That night he made his choice- and he told the therapist he didn't want to see her again.
She rang him at work.
"I'm sorry, I'm fucked up I know…. I just… please don't… I want…" He couldn't stand to hear her beg. Accepting he was going to hell, he reassured her as he had done before, and they continued to meet. There was no easy friendship, but a sense of heightened awareness on both their parts. He watched her nervous movements and felt terrible, she watched him closely, afraid of him walking away. He could see the attraction and revulsion, the pushing and pulling sensations as she battled her discomfort and quickly reached her arms around him. He froze.
Her arms were tight- too tight- around his middle and he could feel the tension in her frame. He couldn't react, didn't dare move.
Suddenly, she released him and stepped back, plenty of space between them.
"I…" he couldn't find the words. He blinked, and she fidgeted, tension knotting her body.
"Thank you. I never said thank you… for everything…" She choked out.
"Uh…" he felt his throat start to close over. He wished more than anything that he was anywhere but there. He didn't want her thanks- he hadn't saved her, he wasn't the hero. He was someone who arrived too late. He wished he'd made different choices that night… wished with all of his heart. But he couldn't turn back time.
One night they went for a walk in the park, at her behest. He was nervous, recognising the growing influence she was in his life. He watched other women and thought of her, occasionally asked his female co-workers' advice when trying to work out the right thing to do or say. His two closest female co-workers thought it was both cute and terribly sad. They were hopeful that her story could have a happy ending, and loved the romance of the whole story.
Their shining eyes and positivity left a bitter taste in his mouth as he remembered the horrible whimpers and sound of skin dragging across asphalt.
He dragged his mind back to the present and waited for her to speak her mind. He wondered why they weren't in the customary coffee shop and she began to talk, haltingly, words that would stay with him for the rest of his life. "I was drunk that night, you know," She began, voice casual, fingers twisting her rings in her anxiety. She did that when she was nervous. A rising feeling of unease started in the pit of his stomach, but he remained silent, motionless.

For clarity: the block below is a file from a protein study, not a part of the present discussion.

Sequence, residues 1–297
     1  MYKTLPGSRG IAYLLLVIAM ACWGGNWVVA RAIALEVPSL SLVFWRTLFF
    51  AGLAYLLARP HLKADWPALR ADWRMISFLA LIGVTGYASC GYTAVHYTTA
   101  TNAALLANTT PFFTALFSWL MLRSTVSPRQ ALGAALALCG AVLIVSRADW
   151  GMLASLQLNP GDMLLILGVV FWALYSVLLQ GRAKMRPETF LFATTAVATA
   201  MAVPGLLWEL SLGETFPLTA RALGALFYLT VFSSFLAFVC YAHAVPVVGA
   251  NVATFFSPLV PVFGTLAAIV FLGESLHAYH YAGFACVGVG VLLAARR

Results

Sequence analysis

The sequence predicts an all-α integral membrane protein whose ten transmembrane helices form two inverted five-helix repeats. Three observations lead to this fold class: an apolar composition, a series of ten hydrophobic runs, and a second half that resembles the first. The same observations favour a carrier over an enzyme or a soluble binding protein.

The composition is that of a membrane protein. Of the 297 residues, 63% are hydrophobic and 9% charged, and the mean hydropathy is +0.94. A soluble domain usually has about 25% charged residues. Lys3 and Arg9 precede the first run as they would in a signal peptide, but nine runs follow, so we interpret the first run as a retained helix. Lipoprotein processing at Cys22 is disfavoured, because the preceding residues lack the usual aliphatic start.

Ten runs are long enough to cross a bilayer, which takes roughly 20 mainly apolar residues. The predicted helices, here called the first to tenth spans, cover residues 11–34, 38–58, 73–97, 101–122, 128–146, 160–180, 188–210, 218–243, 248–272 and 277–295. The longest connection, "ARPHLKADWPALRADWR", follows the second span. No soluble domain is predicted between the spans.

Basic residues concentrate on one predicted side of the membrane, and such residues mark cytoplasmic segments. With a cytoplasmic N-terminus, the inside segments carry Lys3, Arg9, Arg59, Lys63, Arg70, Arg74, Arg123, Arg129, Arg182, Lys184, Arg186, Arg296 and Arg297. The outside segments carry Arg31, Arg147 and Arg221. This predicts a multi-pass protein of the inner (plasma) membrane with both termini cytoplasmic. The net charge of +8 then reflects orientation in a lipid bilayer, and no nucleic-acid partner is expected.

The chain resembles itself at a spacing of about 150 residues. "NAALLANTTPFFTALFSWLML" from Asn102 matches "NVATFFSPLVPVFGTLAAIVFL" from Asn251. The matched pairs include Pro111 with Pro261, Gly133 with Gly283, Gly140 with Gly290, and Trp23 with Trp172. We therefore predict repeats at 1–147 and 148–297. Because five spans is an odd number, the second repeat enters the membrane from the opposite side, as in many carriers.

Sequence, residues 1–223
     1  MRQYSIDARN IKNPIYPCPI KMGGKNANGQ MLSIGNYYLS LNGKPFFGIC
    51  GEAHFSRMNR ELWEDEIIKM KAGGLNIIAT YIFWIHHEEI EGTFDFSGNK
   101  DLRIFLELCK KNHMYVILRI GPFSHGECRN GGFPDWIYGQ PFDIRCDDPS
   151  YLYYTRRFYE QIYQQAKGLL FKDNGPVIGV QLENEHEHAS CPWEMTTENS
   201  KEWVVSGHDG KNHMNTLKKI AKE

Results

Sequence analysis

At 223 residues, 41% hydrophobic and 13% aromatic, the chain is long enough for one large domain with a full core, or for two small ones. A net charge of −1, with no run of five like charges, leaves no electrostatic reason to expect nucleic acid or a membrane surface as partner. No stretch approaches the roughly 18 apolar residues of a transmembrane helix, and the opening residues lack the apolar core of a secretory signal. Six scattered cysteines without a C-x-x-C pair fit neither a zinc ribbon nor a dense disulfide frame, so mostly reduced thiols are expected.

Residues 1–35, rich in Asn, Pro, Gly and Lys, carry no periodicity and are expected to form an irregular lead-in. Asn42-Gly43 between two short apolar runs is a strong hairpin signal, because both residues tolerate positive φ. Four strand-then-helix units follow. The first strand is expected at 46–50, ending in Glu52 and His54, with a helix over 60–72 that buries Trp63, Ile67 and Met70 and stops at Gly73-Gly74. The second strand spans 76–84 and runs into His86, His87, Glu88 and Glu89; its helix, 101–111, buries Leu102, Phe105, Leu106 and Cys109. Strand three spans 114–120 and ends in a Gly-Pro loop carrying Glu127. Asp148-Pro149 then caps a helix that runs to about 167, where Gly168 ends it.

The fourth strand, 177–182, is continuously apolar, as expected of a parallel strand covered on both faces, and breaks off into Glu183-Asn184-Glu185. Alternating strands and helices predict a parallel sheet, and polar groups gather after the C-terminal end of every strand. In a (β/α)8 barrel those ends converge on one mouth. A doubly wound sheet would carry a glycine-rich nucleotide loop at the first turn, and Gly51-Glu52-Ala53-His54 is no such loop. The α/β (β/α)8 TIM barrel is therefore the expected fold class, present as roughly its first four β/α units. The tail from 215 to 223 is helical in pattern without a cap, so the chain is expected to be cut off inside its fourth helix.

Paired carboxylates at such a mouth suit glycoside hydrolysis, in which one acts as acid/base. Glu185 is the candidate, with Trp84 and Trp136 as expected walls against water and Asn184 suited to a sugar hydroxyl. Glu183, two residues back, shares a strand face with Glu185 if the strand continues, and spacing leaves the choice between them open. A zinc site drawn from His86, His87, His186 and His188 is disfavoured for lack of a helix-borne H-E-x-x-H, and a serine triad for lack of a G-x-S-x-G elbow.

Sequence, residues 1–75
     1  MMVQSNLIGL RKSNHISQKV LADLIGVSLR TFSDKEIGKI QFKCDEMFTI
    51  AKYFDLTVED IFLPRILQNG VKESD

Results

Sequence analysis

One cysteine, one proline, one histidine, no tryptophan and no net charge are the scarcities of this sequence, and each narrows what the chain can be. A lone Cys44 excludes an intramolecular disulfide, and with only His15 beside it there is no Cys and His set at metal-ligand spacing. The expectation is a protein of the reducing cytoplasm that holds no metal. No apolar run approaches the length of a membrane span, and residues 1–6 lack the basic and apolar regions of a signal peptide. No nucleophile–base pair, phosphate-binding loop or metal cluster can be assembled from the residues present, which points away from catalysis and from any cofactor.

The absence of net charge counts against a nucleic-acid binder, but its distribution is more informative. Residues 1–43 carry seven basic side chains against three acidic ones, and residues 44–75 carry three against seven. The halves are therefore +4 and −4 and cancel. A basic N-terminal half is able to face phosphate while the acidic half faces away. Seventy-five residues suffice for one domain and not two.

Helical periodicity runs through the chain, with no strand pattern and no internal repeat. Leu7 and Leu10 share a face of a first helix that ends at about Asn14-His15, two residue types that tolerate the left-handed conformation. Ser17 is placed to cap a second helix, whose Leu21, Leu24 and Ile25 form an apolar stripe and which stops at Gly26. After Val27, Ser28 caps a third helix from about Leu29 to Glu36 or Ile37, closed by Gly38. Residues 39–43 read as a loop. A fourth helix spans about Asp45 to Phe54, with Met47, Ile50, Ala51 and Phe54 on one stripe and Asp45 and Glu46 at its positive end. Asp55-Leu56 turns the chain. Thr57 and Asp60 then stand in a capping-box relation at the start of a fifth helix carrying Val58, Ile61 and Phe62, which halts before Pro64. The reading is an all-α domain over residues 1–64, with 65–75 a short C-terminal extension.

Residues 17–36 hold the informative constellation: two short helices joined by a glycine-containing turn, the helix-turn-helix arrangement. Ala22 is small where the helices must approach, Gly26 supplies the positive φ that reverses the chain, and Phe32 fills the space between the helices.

"I can't get a conviction for the… for that… person who attacked me. I don't remember his face. If I knew who he was, I could have gotten a match, but the samples only last for 2 years and I think I've run out of time. I'll never catch him now," she finished on a whisper and he could practically hear her self-recriminations. He couldn't bring himself to say anything; didn't know what he could have said.
"I should never have let myself get so drunk… I should never have been… defenceless…" she shivered, and cautiously, slowly, he removed his jacket and movements clear, placed it on her shoulders. She gave him a sad little smile and slid minutely towards him, another unprecedented move.
"Is there…" He cleared his throat and tried again. "Is there any chance at all to catch him?" He dared to ask the burning question for the first time.
"I remember his ring. He had this… this horrible gold ring with a huge spider, ruby eyes. I've never seen a ring like that before. I'd recognise it again," she said lowly, and he understood. Not many people wore spider rings, that he'd seen anyway.
"It wasn't your fault," he chose to take the step, refused to dance around the issue for the first time. She jerked back, looked into his eyes searchingly.
"I shouldn't have been so drunk," She almost hissed out the words. Reaching his hand carefully towards her, he gently took her chin and turned her face towards him. She was breathing heavily, from nerves, fear or apprehension, he didn't know.
"It wasn't your fault," he repeated insistently, looking into her eyes as she absorbed his words. After a few moments, he let her go, and they moved to lighter topics.
The next time they met for coffee, their hands touched and their eyes met. He felt a fierce gladness in his chest when she didn't pull away. He moved his hand so as not to overwhelm her, but kept eye contact. Her eyes, so dark brown they were almost black, stared into his as if they were being far more intimate than enjoying coffee. He didn't even register his voice dropping lower, and he knew he should have left earlier than 1:00am when the coffee shop closed but he didn't. He didn't even care that he was tired the next day at work; that he'd slipped up and gotten a few odd looks. He'd made his choice and she was worth it.
He couldn't deny the giddy feeling when she asked to catch up with him outside of their normal sessions, that first time they went to the movie and she teasingly held her popcorn out of his reach. He was past the point of being careful- now he was considerate but it felt natural. They knew each other, they were friends… and he realised… she wanted to be more than friends too. She kissed his cheek at the end of the movie, the touch of her lips was over lightning fast and he hadn't even realised what was happening. Then she blushed and mumbled something and started walking quickly ahead of him, yelling at him to hurry up. A slow grin reached up his face and he almost skipped after her, taking her scolding in good humour and hurrying on.